Use the active voice, rookie.
Oh god, it’s horrible. I feel nauseous.
Unless you mean you’re sickening to contemplate, you mean “nauseated.” Now get out of my crime scene before you puke all over it.
WHITE (inspecting the body)
It’s definitely our guy, Strunk.
The Crossword Killer?
Yeah. And look, he’s getting more confident. This time, he used a pen.
INT. POLICE STATION, POLICE CHIEF’S OFFICE. DAY
The POLICE CHIEF, an older man with his pants perilously slung below a heavy beer belly, yanks open his office door.
Strunk! White! Get your asses in here!
STRUNK and WHITE enter, shooting sidelong glances at each other. Before they can sit, the COMMISSIONER flings a newspaper at them; WHITE clumsily catches it.
Look at this disaster!
WHITE (reading the headlines)
“Police Not Effective as Campus Stalked by Crossword Killer, Student Body in Terror.” Oh, Christ, what a mess.
You’re damn right it is! I just got off the phone with the mayor, and let me tell you, she is not happy!
I can see why. An evasive denial rather than a definite assertion, the passive voice — haven’t the copy writers even taken basic composition? And that gruesome phrase, “student body”! My god! “Studentry” is a much more elegant term! Or simply “students.”
I’m not talking about the goddamn grammar, I’m talking about this investigation! If you two don’t make an arrest soon, I’ll have your asses in a sling!
Don’t you mean “slings,” Chief? I mean, if asses is plural–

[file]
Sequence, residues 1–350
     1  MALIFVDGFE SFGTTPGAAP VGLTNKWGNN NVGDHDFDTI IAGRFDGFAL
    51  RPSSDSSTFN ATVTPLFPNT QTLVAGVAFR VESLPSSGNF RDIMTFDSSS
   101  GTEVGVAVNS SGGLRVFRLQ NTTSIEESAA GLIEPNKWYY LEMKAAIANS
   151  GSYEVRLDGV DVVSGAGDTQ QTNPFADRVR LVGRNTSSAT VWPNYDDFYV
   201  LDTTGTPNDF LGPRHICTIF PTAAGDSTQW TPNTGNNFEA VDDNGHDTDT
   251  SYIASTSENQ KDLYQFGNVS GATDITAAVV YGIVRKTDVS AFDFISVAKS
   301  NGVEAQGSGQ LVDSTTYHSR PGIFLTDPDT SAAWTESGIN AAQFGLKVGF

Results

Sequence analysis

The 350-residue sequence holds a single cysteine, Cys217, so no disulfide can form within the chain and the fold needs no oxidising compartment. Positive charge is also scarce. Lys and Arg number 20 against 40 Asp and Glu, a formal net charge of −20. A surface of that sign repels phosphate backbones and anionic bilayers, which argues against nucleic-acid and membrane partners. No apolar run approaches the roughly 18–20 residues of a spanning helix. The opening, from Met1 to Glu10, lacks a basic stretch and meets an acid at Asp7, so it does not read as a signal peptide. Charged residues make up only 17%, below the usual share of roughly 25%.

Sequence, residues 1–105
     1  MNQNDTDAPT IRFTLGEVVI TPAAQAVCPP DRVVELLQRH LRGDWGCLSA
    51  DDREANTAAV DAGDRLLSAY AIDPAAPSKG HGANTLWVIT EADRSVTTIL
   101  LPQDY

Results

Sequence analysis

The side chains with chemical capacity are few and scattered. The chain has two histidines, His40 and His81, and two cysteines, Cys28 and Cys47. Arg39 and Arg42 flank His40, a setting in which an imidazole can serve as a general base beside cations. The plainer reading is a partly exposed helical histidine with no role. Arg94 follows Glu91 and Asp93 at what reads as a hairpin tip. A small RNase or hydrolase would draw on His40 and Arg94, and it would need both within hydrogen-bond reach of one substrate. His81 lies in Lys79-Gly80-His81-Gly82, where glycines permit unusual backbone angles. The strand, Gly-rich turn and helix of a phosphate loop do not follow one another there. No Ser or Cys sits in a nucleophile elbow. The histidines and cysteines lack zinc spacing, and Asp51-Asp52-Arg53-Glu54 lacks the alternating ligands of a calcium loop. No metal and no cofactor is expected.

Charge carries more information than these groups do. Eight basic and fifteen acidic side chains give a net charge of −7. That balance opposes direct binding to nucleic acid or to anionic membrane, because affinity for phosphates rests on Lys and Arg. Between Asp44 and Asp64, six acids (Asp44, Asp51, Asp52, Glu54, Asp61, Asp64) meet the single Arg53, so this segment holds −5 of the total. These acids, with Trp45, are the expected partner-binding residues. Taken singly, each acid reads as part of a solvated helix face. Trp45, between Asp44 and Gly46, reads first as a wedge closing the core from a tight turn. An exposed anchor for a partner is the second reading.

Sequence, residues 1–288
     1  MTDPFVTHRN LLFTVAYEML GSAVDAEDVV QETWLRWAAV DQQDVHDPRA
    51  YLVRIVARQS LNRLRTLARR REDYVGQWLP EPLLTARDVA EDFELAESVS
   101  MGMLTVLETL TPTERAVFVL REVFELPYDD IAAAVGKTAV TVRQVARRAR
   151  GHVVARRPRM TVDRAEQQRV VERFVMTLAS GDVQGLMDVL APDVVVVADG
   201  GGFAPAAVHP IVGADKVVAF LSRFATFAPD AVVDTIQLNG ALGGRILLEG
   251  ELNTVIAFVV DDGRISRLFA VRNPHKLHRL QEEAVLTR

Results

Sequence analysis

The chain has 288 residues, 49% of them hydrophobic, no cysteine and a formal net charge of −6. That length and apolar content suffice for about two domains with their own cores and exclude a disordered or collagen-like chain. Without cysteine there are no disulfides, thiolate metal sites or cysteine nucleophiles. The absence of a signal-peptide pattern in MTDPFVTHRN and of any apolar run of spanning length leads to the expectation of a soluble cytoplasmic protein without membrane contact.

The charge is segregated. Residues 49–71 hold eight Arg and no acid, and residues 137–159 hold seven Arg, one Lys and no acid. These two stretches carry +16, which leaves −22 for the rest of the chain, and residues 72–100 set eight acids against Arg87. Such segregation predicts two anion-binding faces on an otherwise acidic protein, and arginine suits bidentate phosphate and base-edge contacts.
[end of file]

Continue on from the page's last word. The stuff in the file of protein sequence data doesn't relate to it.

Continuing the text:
Get the hell outta my office!
INT. DINER. NIGHT.
Rain trickles down the plate glass windows of the seedy diner. WHITE idly spins his lucky blue pencil on the tabletop as he talks. STRUNK listens, sipping coffee.
It was my first month on the job, you know? I was young. I thought I could make a difference. And then we got the call…some kids had been screwing around on an overpass, smoking weed, spraying graffiti. This one kid — he couldn’t have been more than 13 — he was dangling way over the edge, trying to write “NYPD SUCKS ITS OWN DICK.” At least, that’s what his friends said he was going to write. He only made it as far as the “its.” He was reaching, trying to add an apostrophe, when he fell. The kid…his mother said he wanted to go to culinary school. Traffic was heavy that night. Lots of trucks. That damn, unnecessary apostrophe. By the time they scraped him off the highway, there was barely enough left of him to fill a shoebox.
WHITE begins to sob quietly. STRUNK hesitates, then reaches out and takes WHITE’S hand, stopping the movement of the pencil.
It’s okay. It’s okay, partner. Next time you could omit needless words, but it’s okay.
EXT. ROOFTOP. NIGHT.
The CROSSWORD KILLER holds both WHITE and PRISCILLA at gunpoint at the ledge, while STRUNK holds his own gun on the KILLER, uncertain whether to shoot. WHITE, barely on his feet, presses his hand to a wound in his side.
What’s it gonna be, Strunk? If you shoot me, I’ll still be able to kill one of them! You can’t save them both! So what’ll it be — your partner, five letters, Walter _____ of Breaking Bad? Or your recently reconciled ex-wife, nine letters, beloved of Miles Standish? Who do you choose? Who?
It’s “whom,” motherfucker.
STRUNK fires between the KILLER’S eyes. He tumbles off the rooftop, screaming. STRUNK rushes to WHITE and PRISCILLA. She embraces him, sobbing, while STRUNK helps WHITE to his feet. WHITE grasps STRUNK’S hand forcibly.
Thanks, partner. Standing on that ledge, staring into those crazy eyes, life never seemed so precious.
Dangling participle, partner.
I’m getting too old for this.